The skyline of Panama City's business district

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The Many Faces of Panama City

Panama City and its 3.3 million inhabitants – about half of the number of people living in the country as a whole – occupy roughly 2.500 square kilometers just east of the Panama Canal. There are foreigners from the United States, from Europe or Mexico, immigrants and seasonal workers from Nicaragua, Honduras or Guatemala, as well as native and indigenous people.

Not only in architectural terms, with a Dubai-like skyline in the western part of the city and a much older, historic city center that is protected as cultural world heritage by UNESCO, Panama offers a variety of extremes. Here, you’ll find monstrous towers of glass and steel reflecting the sunlight, there you can see basic houses made from wood, showing that even here, in the linchpin of Panama’s economy, in the shadows of the towers housing big business, social disparity is apparent. In the rural areas of the richest country of Central America, the picture changes once more, offering a view on simple and poor life, as well as on the remaining indigenous communities. Together, Kuna Indians, Bokota and Guaymí people and the other native inhabitants of Panama make up about 5 percent of the total population. They pose a striking opposite to the business part of the country – not only in terms of poverty and wealth, but in terms of culture as well.

With its ultra modern office towers, hotels, and shopping malls, Panama’s New City is the linchpin of the country’s economy.

With the skyscrapers of the New Town in sight and short distance, Panama City’s Old City is even more attractive as a retreat from the hustle and bustle of the business district.

For the tourist’s eyes, these visual and cultural extremes of Panama, symbolized by both ethnic groups and architecture, are what make city and country such an attractive place to visit. The many faces of the country are mirrored in its capital city, and together they form a mosaic that couldn’t be more intriguing.

If anyone knows the secret of the harmonious coexistence of peoples, places, and – seemingly – times, it must be the bronze-colored cock sitting on top of an obelisk at the French Square. High up from his position in the sky, he has a great panoramic view of the spectacle. Around the endless waters of the Pacific, he overlooks the small, romantic alleyways of Casco Antiguo with colorfully dressed Kuna women selling their traditional molas, the hustle and bustle of the new town with businessmen in suits and ties in front of office-towers, and huge steel constructions in the next angle, already offering a glimpse of the entrance to what is still Panama’s tourist attraction number one: the canal.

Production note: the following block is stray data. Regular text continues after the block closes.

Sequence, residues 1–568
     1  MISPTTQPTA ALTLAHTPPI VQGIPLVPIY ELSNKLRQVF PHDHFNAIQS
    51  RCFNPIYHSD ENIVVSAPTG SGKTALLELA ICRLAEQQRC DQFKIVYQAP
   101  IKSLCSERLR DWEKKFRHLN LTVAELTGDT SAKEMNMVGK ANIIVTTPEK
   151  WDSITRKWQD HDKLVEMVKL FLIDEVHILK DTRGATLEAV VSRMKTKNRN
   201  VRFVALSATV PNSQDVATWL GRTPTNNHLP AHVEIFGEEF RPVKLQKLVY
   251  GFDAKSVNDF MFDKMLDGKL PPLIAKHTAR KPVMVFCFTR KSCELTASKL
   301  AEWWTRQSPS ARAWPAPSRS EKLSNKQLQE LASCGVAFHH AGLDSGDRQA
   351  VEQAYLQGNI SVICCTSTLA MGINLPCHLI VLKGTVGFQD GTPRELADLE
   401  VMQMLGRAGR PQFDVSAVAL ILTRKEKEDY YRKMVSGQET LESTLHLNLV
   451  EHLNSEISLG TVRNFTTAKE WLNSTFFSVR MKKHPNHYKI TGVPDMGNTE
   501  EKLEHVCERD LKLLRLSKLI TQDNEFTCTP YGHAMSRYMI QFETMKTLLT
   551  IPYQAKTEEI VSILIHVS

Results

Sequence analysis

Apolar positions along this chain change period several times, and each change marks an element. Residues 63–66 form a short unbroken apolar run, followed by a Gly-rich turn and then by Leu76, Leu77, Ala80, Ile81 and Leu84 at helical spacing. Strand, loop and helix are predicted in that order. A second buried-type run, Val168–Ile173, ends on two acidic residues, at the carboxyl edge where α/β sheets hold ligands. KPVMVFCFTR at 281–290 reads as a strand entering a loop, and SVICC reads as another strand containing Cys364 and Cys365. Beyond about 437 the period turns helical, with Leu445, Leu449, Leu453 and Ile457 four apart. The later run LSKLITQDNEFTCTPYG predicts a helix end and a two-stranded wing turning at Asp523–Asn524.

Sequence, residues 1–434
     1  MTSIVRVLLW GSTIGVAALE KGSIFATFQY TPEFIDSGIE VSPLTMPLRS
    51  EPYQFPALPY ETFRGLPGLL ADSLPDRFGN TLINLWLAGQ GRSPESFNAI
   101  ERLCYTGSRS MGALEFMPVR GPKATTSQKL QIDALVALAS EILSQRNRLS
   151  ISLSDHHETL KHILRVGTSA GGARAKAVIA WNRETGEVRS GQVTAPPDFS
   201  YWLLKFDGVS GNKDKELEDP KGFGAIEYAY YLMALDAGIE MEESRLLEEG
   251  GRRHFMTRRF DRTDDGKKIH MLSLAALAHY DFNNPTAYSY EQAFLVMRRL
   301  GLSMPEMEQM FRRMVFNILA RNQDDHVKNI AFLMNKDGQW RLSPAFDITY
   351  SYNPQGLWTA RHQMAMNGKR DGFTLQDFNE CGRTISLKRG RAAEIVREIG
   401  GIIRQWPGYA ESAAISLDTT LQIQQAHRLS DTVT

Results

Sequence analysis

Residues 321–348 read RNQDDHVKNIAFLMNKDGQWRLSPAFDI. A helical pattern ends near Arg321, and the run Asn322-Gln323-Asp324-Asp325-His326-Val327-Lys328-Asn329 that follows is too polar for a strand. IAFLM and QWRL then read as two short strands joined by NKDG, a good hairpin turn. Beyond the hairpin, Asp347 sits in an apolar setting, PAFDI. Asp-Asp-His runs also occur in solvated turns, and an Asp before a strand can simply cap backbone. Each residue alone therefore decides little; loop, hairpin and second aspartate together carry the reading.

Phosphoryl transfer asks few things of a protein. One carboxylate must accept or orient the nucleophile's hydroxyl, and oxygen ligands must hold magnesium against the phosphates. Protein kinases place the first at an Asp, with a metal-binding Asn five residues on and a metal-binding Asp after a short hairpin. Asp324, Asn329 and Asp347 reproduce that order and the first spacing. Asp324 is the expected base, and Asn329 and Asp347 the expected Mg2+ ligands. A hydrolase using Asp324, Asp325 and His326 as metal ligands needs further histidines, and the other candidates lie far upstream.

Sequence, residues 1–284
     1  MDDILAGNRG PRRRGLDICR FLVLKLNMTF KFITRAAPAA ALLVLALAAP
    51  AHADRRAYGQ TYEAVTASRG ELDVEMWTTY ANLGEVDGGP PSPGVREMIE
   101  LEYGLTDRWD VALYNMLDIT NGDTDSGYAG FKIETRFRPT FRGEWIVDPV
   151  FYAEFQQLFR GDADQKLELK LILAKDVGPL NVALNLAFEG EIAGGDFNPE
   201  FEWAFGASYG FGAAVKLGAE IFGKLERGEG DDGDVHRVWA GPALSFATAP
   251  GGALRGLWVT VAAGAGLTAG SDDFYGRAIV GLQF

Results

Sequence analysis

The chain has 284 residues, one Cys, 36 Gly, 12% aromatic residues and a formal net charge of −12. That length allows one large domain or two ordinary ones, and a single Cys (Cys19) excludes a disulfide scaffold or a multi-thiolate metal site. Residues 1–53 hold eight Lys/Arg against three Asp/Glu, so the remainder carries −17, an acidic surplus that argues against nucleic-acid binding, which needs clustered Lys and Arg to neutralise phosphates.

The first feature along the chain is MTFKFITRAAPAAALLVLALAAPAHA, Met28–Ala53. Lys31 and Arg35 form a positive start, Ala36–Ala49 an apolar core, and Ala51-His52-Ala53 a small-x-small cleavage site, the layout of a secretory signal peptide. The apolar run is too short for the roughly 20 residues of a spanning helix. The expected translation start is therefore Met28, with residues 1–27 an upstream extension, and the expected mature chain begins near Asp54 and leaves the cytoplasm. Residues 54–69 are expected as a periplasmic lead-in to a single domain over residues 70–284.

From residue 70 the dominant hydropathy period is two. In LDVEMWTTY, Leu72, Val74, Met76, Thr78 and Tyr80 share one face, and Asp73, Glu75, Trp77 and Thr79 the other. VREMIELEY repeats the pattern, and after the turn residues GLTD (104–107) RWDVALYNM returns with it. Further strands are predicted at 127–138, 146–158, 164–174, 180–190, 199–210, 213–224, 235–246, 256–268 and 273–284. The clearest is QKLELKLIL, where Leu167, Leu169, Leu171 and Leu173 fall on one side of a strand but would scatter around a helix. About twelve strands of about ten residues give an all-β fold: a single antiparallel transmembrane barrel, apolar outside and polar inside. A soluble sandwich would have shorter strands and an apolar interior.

A Kuna Indian selling her colorful molas, the traditionally patterned handicraft, on Panama City’s French Square. It is hard to choose which piece of cloth to pick as a souvenir.

Panama City is growing rapidly: The urbanization rate rises by 2.3 percent every year. Meanwhile, 75 percent of all Panamanians already live in urban areas, where there is opportunity to work. The international financial crisis has hardly had any effects on the country at all. Panama lures investors, banks record a surplus liquidity. The economy, based mostly on services and the financial sector, has grown by 7 percent in 2011, a year in which most countries faced recession. The expected figure for 2012 is 8.5 percent – which means a top position for Panama in global comparison: According to the CIA World Fact Book, this is the 11th best figure. With only 4.4 percent, the unemployment rate is comparatively low as well.

Panama lives on the bright side of life. And more so, Panama has always lived on the bright side of life: The country’s history is determined by its geographical position at the Isthmus of Darien. At its most narrow part, Panama is no broader than 80 kilometers. For ages, the country has offered the shortest possible passage across the Americas. The Spanish Colonists used the route to transport Incan gold to Europe from 1513 on, later they also used it as a short passage to Asia. Back in 1534, the Spanish researched the possibility of building a canal, but abandoned the idea. Ferdinand de Lesseps, builder of the Suez Canal, was the first to try the seemingly impossible from 1880 on. Due to financial problems and many cases of Malaria and yellow fever, the French never finished their project and it took until 1903 that the Americans took over the project. The Panama Canal, finished and opened in 1914, is, since that date, the most important trading route of the world.

About the Author

Anna loves travel, photography, and writing. All at once, everyday. She collects entrance cards, plane tickets, and old atlases and has been searching for the perfect globe for some years. Follow Anna on Facebook or Twitter!

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